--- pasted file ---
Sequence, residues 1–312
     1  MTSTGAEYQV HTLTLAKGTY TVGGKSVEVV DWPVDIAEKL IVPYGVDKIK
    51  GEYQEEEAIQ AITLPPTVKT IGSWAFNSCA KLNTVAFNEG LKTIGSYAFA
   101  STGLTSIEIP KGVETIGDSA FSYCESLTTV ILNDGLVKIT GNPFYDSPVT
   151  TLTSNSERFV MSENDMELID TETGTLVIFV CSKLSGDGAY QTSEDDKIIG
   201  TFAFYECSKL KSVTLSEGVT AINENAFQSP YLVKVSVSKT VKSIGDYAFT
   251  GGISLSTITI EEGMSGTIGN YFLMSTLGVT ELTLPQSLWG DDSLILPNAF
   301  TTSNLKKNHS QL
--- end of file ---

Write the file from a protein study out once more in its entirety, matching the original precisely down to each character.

Sequence, residues 1–312
     1  MTSTGAEYQV HTLTLAKGTY TVGGKSVEVV DWPVDIAEKL IVPYGVDKIK
    51  GEYQEEEAIQ AITLPPTVKT IGSWAFNSCA KLNTVAFNEG LKTIGSYAFA
   101  STGLTSIEIP KGVETIGDSA FSYCESLTTV ILNDGLVKIT GNPFYDSPVT
   151  TLTSNSERFV MSENDMELID TETGTLVIFV CSKLSGDGAY QTSEDDKIIG
   201  TFAFYECSKL KSVTLSEGVT AINENAFQSP YLVKVSVSKT VKSIGDYAFT
   251  GGISLSTITI EEGMSGTIGN YFLMSTLGVT ELTLPQSLWG DDSLILPNAF
   301  TTSNLKKNHS QL